Keller: I personally like to donate the money that I make from playing Grateful Dead songs to the Rex Foundation. I think that, in itself, is where I’m at, simply because the Grateful Dead started the foundation and the music coming from the band is being sold. Music of the band being played in a different way, by me, is totally funding them. They do what they see fit. The fact that they started it and are maintaining it is all I need to know.
Grateful Grass playing St. Stephen in 2006:[youtube:https://www.youtube.com/watch?v=vy11Y8goE5o]
303: Tell me a bit about your personal history with the Grateful Dead. What do you like so much about playing their music?
Keller: My first Dead show was in 1987 in Maryland, which was just a short drive from my house. I guess what turned me on was, I think, the improvisation. That’s what I got first out of it. The way they would just veer off and go in a whole different direction and then bring it all back into the original arrangement. And then I got into the more acoustic side of the band, which was when I think I really started learning a lot of the songs. The Reckoning record and Bear’s Choice and some of Jerry Garcia’s Old & In The Way got me learning the tunes.
303: You previously released KEYS: A Collection of Grateful Dead Covers on Piano. How does playing the Dead on the piano versus playing the Dead on the guitar compare for you?
Keller: Well, the guitar is my main instrument. That’s where I’m most comfortable, most at home. The piano is one of those things where I just sit down and start playing these instrumental Jerry ballads. I’ve always wanted to do a record on the piano but never really have the material and reason to do it. Playing the Jerry tunes on the piano gave me a great reason to sit down and do it and focus on the proceeds for the Rex Foundation.
303: You’ll be playing a ton of upcoming festivals with Grateful Grass towards the end of the summer into the fall, including Colorado’s upcoming ARISE Festival. Which shows are you looking the most forward to?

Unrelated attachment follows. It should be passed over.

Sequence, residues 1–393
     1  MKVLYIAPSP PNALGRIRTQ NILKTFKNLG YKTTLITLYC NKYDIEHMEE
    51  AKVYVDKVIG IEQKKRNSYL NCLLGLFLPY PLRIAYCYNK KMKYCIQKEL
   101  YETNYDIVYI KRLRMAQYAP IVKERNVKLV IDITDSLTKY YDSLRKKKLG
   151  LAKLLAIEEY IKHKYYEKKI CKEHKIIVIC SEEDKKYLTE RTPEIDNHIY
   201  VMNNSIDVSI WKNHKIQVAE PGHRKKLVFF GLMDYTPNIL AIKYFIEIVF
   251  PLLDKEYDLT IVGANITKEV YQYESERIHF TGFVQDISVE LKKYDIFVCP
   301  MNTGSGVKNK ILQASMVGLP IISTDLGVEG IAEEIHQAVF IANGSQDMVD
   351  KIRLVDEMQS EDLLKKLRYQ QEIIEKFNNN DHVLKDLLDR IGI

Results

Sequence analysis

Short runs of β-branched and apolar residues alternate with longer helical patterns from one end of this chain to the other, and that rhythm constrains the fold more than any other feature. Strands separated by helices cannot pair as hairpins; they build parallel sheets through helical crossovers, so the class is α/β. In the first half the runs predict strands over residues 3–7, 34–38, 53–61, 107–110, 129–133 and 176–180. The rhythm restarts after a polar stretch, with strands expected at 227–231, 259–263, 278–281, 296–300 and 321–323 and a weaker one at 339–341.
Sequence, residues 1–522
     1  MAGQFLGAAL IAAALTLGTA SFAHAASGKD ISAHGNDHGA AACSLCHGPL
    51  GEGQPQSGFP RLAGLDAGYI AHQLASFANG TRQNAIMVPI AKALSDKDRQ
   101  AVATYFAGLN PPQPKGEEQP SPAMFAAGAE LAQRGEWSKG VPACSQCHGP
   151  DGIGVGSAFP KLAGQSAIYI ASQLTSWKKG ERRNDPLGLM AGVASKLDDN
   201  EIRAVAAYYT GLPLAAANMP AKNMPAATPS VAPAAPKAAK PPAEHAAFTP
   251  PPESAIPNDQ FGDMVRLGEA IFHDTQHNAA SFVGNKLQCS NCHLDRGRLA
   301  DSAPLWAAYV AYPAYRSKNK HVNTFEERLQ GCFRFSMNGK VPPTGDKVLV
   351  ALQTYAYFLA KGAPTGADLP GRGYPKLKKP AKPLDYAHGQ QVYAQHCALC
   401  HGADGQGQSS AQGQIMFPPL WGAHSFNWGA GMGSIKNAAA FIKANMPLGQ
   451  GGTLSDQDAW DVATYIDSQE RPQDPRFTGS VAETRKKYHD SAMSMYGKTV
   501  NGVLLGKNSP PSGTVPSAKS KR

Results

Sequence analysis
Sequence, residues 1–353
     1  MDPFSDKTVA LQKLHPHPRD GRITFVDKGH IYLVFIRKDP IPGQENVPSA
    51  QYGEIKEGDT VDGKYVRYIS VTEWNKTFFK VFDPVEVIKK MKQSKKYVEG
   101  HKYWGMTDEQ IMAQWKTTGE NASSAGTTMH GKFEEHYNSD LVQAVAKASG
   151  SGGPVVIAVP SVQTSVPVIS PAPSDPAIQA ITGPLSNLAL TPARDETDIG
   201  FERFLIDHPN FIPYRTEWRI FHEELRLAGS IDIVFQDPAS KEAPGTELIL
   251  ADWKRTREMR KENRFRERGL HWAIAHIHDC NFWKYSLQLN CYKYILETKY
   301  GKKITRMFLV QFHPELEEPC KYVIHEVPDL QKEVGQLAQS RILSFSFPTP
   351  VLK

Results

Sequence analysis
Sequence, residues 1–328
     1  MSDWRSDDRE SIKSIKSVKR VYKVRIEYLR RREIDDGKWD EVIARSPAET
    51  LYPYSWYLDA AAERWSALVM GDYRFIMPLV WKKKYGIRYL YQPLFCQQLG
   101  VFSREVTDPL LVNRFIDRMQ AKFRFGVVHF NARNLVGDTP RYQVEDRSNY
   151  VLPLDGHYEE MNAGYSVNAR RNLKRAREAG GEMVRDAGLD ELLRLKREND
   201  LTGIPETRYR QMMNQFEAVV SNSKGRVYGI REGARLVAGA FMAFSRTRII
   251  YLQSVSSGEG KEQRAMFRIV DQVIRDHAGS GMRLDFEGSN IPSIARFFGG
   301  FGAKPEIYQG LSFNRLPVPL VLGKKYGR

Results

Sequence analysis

Keller: Well, the ARISE Festival definitely. I had a really good time last year, and this year is a completely different lineup as far as anything I’ve ever done, and as far as this project goes.
It’s a bit of a novelty, in the sense that I’m not sure how long it’ll be around. It’s not like I set out to play Grateful Dead covers. We just got together and did a set and sparked that interest. It’s another excuse to play Grateful Dead songs.
I’m looking forward to all of them, especially the ones with Keith and Jeff because that’s where it came from. I love getting together with those guys. The ARISE Festival isn’t with any of them- it’s with Alli Kral and Billy Nershi. It’s a lot of fun. It’s not something that had a lot of thought behind it or a lot of focus. It’s like my friends knew this material and have been playing it for years and years, and we’re putting a whole different spin on it. A lot of energy.
303: My brother wanted me to ask you this: does playing barefoot so much ever cause you to worry about contracting the dreaded “wookie foot”? Or is the stage a safe zone?
Keller: The stage is definitely not a safe zone for anything, especially wookie foot. The thing is, that, you know, I already have wookie foot. So I’m not really worried about getting it. It definitely started out at the concert level then it ended up like a tool to use my big toe to press small buttons. If I had shoes on, I may hit two buttons by accident. That’s kind of where the barefoot thing comes from. The shows where I’m not looping, it just became a thing.